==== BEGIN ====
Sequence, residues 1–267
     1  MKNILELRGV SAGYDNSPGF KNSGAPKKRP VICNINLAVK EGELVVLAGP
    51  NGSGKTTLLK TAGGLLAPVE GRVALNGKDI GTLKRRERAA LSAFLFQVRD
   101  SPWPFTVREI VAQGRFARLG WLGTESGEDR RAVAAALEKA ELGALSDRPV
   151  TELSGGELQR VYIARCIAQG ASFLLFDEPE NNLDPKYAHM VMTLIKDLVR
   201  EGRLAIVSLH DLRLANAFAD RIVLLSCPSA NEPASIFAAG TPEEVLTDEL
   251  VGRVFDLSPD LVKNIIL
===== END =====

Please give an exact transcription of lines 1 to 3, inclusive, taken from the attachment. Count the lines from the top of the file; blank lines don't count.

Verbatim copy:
Sequence, residues 1–267
     1  MKNILELRGV SAGYDNSPGF KNSGAPKKRP VICNINLAVK EGELVVLAGP
    51  NGSGKTTLLK TAGGLLAPVE GRVALNGKDI GTLKRRERAA LSAFLFQVRD